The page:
Isotope days go long, but the scenery's nice if you remember to look up once in awhile. Plus the locals get a kick out of the spectacle. It's a pretty sweet setup, complete with plastic tables and chairs. (Photo by Katie Wagner)
For the record, since nothing (EVER) happens fast in Africa, it's now about 11:30pm. And we haven't actually started 'working'.

Pete and George were off collecting fish via SCUBA (you catch different fish at night than during the day), and since no one felt like hopping in the water with me and there were several hours to kill before we could conceivably sleep***, I decided to venture forth solo.
Really. What's the worst that could happen? (Photo by Katie Wagner)
When all of a sudden, 10 feet in front of me, was a crocodile.

!!!!!!!!!!!

I spotted the claws first.

Then my brain registered the body and scaly tail.

And in that moment, I learned that I'm a flee-er, not a fighter.

We were never really briefed on what to do in this situation..., so I did a 180 and hauled ass back to the boat.

According to the video, the whole scene lasted just over 7 minutes. That includes me stalking fish for the first 3 and a lively discourse about whether and HOW we should warn the others once I got back for the last 2...

...because George and Pete were still out diving.

Meanwhile, across the water by the big rocks, we saw red eyes on a dark head swimming away from the islands towards land, so we're probably all "safe". And more importantly, I had witnesses.

George and Pete eventually surfaced but were generally unfazed by the news and promptly headed back underwater****.

I saw the footage for the first time a couple days ago, and it's disappointing to say the least. The sad combination of camera and dive-light angle prevented a good shot of the croc, and even my cichlid footage is pretty...meh.
Back on the boat, long-arming a barbus George caught in the net, generally no worse for the wear (photo by Katie Wagner)
...and playing with crabs (photo by Katie Wagner)
We saw what we assumed to be the same croc the next day, basking lazily on a rock and on a typically toasty African afternoon. He was probably only 8-feet long, tops...but underwater everything's ~33% bigger, so I maintain that I had reason to panic. No one expects the Spanish Inquisition...or running into a giant reptile whilst out swimming.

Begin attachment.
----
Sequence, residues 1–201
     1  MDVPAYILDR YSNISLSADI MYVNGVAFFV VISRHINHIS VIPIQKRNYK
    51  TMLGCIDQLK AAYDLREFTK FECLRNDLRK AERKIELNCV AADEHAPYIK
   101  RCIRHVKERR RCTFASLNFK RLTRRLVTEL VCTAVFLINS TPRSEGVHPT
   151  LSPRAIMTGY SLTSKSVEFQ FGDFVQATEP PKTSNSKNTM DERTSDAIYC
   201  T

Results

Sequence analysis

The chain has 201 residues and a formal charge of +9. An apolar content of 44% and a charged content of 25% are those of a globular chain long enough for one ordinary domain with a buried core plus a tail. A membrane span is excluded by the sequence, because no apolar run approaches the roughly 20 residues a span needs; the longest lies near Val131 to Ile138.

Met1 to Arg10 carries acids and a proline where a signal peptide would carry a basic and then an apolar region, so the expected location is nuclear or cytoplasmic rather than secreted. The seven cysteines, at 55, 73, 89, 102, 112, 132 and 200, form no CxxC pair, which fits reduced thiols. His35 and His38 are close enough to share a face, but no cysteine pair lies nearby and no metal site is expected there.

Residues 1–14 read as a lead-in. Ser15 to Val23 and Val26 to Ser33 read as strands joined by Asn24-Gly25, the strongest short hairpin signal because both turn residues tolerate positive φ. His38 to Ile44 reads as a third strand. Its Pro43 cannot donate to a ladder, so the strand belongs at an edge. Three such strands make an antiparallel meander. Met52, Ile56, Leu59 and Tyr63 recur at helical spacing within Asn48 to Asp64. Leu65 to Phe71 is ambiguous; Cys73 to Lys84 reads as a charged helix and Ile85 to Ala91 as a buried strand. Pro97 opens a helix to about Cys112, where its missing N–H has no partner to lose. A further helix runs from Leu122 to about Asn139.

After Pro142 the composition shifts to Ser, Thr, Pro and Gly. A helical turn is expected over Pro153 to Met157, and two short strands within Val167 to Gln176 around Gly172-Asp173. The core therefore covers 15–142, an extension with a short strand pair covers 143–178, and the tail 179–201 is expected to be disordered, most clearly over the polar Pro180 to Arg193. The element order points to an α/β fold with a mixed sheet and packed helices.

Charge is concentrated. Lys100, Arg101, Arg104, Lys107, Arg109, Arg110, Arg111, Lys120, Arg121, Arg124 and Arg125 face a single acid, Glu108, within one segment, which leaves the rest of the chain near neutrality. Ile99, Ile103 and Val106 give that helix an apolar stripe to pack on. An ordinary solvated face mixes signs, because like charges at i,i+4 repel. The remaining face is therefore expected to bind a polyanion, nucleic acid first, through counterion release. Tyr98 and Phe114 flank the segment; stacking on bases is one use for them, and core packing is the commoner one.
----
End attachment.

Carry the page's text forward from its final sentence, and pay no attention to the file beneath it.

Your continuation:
Slightly less scary in daylight (photo by Katie Wagner)
* Kalya, it turns out, is famous for its Big Waves. On the journey from Kigoma, we were forced to take shelter for a few hours so the waves would die down and we could commence the voyage (which had been far from smooth up until that point). Since "we" didn't add any flex days into the schedule, this would prove problematic later on.

** For the record, I was NOT on board with this plan, much as I love to camp, on account of the lack of a bathroom and having questionable bowels...

*** George can make a tank of air last a shockingly long amount of time.

**** George said I probably would've only lost a finger at most in the encounter. Still, I'm fairly attached to my digits. And for the record, I don't believe him.

Monday, August 3, 2015

I forget where we were

A few months ago, I'd apparently convinced myself that after 3 field seasons on the world's Greatest Lake, experiencing something novel would be all but impossible.

Thankfully, as per usual, I was brilliantly wrong.
Thirty days and a thousand stories later, I'm lounging on my deck back in Madison with some gin, soaking my fungus/blister-ridden feet in salt, and nostalgically looking back at photos and videos... trying to convince myself that the last month actually happened. People keep asking me how it was, and the word that immediately comes to mind is "hard". Not to be overly dramatic, but coming back alive AND in one piece didn't feel like a given this time.
Trenchfoot. It's for real. 
The Internet was largely absent for large chunks of the trip and more of a myth than reality during the remainder. And when 14-hour days became mandatory, I abandoned the notion of blogging and devoted all my daily free time to sleeping.

But I am a lover of stories, and even though my tales from the summer will be have to be reconstructed from the late night, so-tired-I-feel-drunk scrawls of journal entries, there are stories I need to tell. And over the next couple months, I hope to share field notes from our wild, hot, African summer on a lake that's more magnificent than we can ever hope to understand.

In the meantime, I'll force my body stay awake when all it wants in the whole wide world is to sleep, abandon my inclination to hoard toilet paper, and try to remember that most people shower more than twice a month. And I will hesitantly resume a life that feels safe and tame and a little bit dull by comparison.

Stay tuned.


Friday, May 1, 2015

The important places

As field season draws nigh, I figured it was high time to fire up the ol' blog after months of neglect. Let's call this Episode I (of many) in the field chronicles of #2015Ellen.